Such analysis will provide important baselines, help identify intervention opportunities and whether further research is needed to solve the problem.

The baseline survey instrument is developed after a series of FGDs to validate the issues, and discover root causes of the problem and quantify its extent. Identifying the problem clearly, especially the factors that may impede the adoption of new information, is important. Through this analysis, one can determine the specific issues which have to be resolved. From baseline analysis, an impact evaluation judgment can be made because there is a basis for comparison (pretest vs. post-test measures or control vs. treatment groups).

In Long An province, a baseline survey was conducted which showed that damage caused by leaf folders was an important concern of farmers (Mai et al., 1997). Farmers often sprayed insecticides during the first month after seeding to control them. These insects were perceived to be very damaging because they can cause heavy yield losses, and early season insecticide sprays to control them were believed to be necessary. Organophosphates, such as methamidophos, monocrotophos, and methyl parathion, were the most popular insecticides used. Ecological research has shown that these insecticides are unnecessary because rice plants have the ability to compensate for leaf defoliation. Early applications of broad-spectrum insecticides will cause ecological disruptions that can favor brown planthopper development, which is a more serious problem (Heong and Schoenly, 1998). In addition, farmers generally overestimate highly visible leaf damage and tend to react by spraying. Farmers refer to them as “worms” which have negative cognition and, as pointed out by Bentley (1989), biased perceptions of insects is a human weakness, which potentially subjects them to insecticide abuse. Since people generally use heuristics in making decisions (Tversky and Kahneman, 1974), understanding current heuristics with regard to leaf folders through the application of the “emic-etic” framework was helpful in identifying intervention opportunities.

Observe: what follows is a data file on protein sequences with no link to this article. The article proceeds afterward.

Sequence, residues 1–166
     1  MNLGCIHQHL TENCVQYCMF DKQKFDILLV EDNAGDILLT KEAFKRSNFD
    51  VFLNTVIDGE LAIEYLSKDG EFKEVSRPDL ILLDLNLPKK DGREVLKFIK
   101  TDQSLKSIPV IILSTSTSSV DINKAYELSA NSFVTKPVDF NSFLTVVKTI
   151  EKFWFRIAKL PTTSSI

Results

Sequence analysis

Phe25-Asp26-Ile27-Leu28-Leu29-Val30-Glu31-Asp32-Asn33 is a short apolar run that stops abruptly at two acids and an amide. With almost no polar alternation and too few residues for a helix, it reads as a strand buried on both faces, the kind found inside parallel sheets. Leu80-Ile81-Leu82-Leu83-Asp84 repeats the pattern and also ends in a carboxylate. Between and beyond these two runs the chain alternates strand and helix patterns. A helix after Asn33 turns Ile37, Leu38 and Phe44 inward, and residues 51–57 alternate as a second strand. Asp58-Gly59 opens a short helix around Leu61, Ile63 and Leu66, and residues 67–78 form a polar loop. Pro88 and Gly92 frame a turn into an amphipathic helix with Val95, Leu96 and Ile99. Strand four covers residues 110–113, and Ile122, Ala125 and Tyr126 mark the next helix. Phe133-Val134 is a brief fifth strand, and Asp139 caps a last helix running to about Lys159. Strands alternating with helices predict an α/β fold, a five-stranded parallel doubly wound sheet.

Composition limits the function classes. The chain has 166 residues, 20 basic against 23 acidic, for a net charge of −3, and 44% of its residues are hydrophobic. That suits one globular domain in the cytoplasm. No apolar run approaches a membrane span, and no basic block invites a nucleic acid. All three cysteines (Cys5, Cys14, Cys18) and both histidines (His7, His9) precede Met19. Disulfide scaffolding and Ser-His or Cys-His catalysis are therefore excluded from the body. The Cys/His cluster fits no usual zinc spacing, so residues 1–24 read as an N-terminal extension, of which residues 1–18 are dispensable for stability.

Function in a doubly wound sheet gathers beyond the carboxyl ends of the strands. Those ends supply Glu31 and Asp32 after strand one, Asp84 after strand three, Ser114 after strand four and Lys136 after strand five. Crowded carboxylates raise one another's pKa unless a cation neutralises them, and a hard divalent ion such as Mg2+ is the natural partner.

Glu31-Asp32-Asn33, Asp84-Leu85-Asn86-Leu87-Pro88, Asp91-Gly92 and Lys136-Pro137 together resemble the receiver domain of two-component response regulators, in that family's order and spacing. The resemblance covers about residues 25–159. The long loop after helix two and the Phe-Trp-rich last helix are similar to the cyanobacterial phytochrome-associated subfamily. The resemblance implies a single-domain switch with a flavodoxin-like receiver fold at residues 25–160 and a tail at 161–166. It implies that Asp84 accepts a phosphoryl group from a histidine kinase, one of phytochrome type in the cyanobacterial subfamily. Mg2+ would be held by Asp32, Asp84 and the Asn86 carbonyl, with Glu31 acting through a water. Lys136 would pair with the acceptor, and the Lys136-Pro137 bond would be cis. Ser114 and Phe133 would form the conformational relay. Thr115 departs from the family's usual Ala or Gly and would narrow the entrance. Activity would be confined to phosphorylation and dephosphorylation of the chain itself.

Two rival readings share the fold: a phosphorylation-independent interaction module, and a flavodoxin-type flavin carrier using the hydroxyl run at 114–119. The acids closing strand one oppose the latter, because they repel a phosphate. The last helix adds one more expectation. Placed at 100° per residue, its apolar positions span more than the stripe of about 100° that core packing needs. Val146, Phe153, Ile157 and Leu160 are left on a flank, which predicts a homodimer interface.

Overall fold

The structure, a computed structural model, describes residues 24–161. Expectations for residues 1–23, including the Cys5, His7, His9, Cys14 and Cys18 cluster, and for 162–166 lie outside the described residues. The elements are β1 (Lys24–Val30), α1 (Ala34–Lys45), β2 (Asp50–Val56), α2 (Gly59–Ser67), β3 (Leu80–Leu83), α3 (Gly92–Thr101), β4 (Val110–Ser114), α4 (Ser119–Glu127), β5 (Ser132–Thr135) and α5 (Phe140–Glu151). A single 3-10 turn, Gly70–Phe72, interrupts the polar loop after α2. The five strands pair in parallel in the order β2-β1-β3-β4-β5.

Synthesizing information

To enable farmers to utilize scientific knowledge, it is necessary to evaluate current information, and then to synthesize and distill research results from various sources into usable knowledge or heuristics which farmers can be motivated to test. Once a key heuristic was distilled from scientific research, the next step was to encourage farmer participatory research (FPR) to facilitate local farmers’ evaluations. FPR is an approach that involves motivating farmers to conduct an experiment to examine whether a heuristic is valid or to determine whether something previously untried will work (Heong and Escalada, 1997). Box 1 uses the example of the second case study in Vietnam to show how the outcome of experiments often leads farmers to adapt and spread them to other farmers. This step, sometimes known as innovation evaluation, is essential for communication as well as for initiating diffusion.

Box 1 Farmer experiments in the 3 Reductions initiative

Starting in the 1999-2000 wet and autumn-summer seasons, 30 volunteer farmers conducted farmer participatory research (FPR) to evaluate the effects of reducing seed rates, fertilizer and pesticides. Farmers allocated a portion of their fields as the experimental area and the remaining as “control”. For the experimental area, farmers were given guidelines in adjusting their seed rates, fertilizer rates and not to use insecticides in the first 40 days after sowing. Otherwise, farmers were to apply pesticides as needed. For the control area, farmers were to practice their normal routines. A simple system to record their inputs in the two plots was provided to facilitate data recording. Participating farmers were motivated to participate in the experiment through farmer meetings conducted by extension staff to discuss ways to reduce inputs and increase profits. No compensation of any form was provided as an incentive.

In WS 2001-2002, FPR was expanded to 920 farmers in Tn Lập Village, Tn Thạnh district, Long An Province, in collaboration with the Cuu Long Delta Rice Research Institute (CLRRI). In the same season, farmers conducted 520 similar experiments in 8 provinces in the Mekong Delta. Results of the experiments were presented at a farmers’ workshop in Tiền Giang province in March 2002. Another 446 demo fields were set up in 10 provinces in the Mekong Delta in 2002 and 600 in 6 coastal provinces in the Central region. In September 2002, another farmers’ workshop was organized in Phu Yen province. Results showed that for both crops, farmers’ savings from pesticides accounted for most of the difference in profits.